The integrator circuit 33 also feeds a difference amplifier 43 which is also fed with the output of an adjustable level setting circuit 40. Amplifier 43 feeds (via an OR gate 46) an audio alarm 50 and a visual LED alarm 51, which both operate when the output of amplifier 43 goes positive, ie when the output of the integrator 33 exceeds the level set by the level setting circuit 40.

The OR gate 46 also feeds a relay latching circuit. A relay coil 52, fed by the OR gate, controls a relay contact 53, which, when it closes, holds the relay on. The audio and visual alarms are therefore latched on. A switch 54 can be opened by the operator to release the relay latch.

A second difference amplifier 44 is also fed, in the reverse senses, with the output of integrator circuit 33 and the output of the level setting circuit 40 via an inverter 45. The amplifiers 43 and 44 both feed an OR gate 46. The circuitry is therefore sensitive to both positive and negative signals from the sensors 13 and 15. A negative signal drives the integrator negatively, and if the signal is long enough, the integrator output will operate the alarms via the difference amplifier 44.

As an alternative, the outputs of the difference amplifiers 43 and 44 can be processed to detect signals of opposite polarity occurring with an appropriate time interval between them. This technique will detect the passage of equipment past the two sensor assemblies in succession, which will occur if the tubing 17 is being withdrawn from the well at a suitable speed, carrying the equipment with it.

The present arrangement of sensors allows the signals from the sensors (eg 13 and 15) that are longitudinally spaced along the pipe to be subtracted from each other in the signal processing. This serves to enhance the response that is detected as the equipment passes inside the pipe. Further, in larger pipe systems, the signals detected by the different sensors with the equipment in a different radial position in the riser 10 may vary significantly. The use of a plurality of sensors in each sensor assembly allows the signals from all the sensors at the same level around the outer pipe (eg sensors 13 and 14) to be added together to compensate for this effect.

The present detector circuit thus detects, with high efficiency, the magnetic field changes that occur when equipment moves inside the pressure vessel. In some cases it may be possible to put a magnetic marker of the enclosed equipment. In other cases, detection may have to be achieved using the residual magnetic field of the enclosed equipment. The technique can tolerate significant background magnetic fields that can occur on large metal structures such as oil rigs.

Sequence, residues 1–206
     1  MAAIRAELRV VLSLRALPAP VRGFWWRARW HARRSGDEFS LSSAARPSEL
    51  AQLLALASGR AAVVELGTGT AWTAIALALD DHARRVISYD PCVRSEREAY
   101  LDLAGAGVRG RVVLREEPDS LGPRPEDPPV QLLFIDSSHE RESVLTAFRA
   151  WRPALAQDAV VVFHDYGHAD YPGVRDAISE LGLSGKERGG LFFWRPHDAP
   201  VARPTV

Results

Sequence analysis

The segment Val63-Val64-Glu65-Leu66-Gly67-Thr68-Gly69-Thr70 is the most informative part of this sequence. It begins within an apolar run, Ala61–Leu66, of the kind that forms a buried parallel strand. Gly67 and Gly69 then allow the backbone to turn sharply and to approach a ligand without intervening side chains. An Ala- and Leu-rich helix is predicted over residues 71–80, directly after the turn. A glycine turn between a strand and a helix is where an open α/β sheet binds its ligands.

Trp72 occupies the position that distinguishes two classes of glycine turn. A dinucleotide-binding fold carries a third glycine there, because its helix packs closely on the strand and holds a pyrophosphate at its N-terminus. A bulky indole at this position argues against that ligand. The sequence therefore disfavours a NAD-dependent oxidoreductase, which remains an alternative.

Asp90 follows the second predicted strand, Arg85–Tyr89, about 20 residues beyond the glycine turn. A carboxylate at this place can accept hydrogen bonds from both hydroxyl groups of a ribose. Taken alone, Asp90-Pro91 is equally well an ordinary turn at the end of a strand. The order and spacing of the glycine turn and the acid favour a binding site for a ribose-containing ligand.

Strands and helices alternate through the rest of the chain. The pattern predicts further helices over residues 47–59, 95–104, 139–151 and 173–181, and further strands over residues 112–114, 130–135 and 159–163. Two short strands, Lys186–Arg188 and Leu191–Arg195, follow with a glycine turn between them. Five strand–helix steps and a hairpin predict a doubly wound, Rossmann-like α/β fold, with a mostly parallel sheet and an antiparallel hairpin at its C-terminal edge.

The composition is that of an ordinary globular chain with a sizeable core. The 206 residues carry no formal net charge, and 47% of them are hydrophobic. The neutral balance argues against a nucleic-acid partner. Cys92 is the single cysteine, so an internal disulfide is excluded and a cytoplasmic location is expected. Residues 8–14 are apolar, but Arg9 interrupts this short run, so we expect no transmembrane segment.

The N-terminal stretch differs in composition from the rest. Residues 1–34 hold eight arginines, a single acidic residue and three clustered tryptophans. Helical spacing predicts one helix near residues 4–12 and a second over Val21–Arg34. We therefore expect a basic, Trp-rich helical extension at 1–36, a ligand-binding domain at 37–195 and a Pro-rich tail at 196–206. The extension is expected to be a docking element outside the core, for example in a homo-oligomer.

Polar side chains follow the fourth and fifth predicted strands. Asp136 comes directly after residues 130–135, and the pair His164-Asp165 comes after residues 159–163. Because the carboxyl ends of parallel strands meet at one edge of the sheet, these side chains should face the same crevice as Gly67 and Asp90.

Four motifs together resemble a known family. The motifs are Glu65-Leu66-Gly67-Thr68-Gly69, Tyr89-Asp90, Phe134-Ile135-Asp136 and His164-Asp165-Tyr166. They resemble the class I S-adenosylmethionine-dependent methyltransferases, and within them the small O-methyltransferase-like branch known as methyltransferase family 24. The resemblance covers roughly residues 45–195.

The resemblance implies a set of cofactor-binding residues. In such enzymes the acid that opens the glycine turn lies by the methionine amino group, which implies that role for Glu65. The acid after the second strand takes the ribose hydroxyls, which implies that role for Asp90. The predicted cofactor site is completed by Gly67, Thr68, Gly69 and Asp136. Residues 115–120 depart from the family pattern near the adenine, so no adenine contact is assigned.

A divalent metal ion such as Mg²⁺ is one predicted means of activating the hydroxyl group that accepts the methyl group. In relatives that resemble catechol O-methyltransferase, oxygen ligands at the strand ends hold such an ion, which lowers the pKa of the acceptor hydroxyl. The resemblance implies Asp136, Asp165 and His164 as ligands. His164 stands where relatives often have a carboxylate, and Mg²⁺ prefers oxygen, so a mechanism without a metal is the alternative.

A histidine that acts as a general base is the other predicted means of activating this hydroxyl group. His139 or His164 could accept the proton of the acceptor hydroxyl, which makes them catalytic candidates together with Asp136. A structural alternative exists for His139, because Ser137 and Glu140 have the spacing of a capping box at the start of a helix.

Alternative embodiments using the principles disclosed will suggest themselves to those skilled in the art upon studying the foregoing description and the drawings. It is intended that such alternatives are included within the scope of the invention, the scope of the invention being limited only by the claims.

Patent Citations
Cited PatentFiling datePublication dateApplicantTitle
US3525040 *Oct 23, 1967Aug 18, 1970Data Measurements CorpStatistical voltmeter for analyzing signal amplitude distribution
US3644825 *Dec 31, 1969Feb 22, 1972Texas Instruments IncMagnetic detection system for detecting movement of an object utilizing signals derived from two orthogonal pickup coils
US3843922 *Jul 5, 1972Oct 22, 1974Q Bit CorpTelevision preamplifier power source
US3863235 *Feb 20, 1973Jan 28, 1975Rockwell International CorpPhase sensitive position pickoff device
US4308497 *Jun 18, 1979Dec 29, 1981Texscan CorporationPeak level detector
US4472680Jan 29, 1982Sep 18, 1984Dresser Industries, Inc.Circuit for processing electrical signals generated by a casing collar indicator instrument
US4859941Mar 18, 1987Aug 22, 1989Sprague Electric CompanyProximity selectro with integral magnet, pole-piece plate and pair of magnetic transducers
US6084403 *Mar 31, 1997Jul 4, 2000Cedar Bluff Group CorporationSlim-hole collar locator and casing inspection tool with high-strength pressure housing
GB1602065A Title not available
GB2306657A Title not available
Classifications
U.S. Classification324/207.26, 324/76.17, 166/66.5, 324/221, 324/207.18, 324/103.00P
International ClassificationE21B47/09, G01V3/08
Cooperative ClassificationE21B47/0905, G01V3/081
European ClassificationE21B47/09B, G01V3/08B
Legal Events
DateCodeEventDescription
Feb 19, 2003ASAssignment
Owner name: ANTECH LIMITED, ENGLAND
Free format text: ASSIGNMENT OF ASSIGNORS INTEREST;ASSIGNORS:MISZEWSKI, ANTONI;DUCKETT, SIMON;REEL/FRAME:013783/0382;SIGNING DATES FROM 20030108 TO 20030109
Jan 17, 2008FPAYFee payment
Year of fee payment: 4
Jan 17, 2008SULPSurcharge for late payment
Jan 21, 2008REMIMaintenance fee reminder mailed
Jan 23, 2012FPAYFee payment
Year of fee payment: 8
Jan 23, 2012SULPSurcharge for late payment
Year of fee payment: 7
Jan 18, 2016FPAYFee payment
Year of fee payment: 12
Jan 18, 2016SULPSurcharge for late payment
Year of fee payment: 11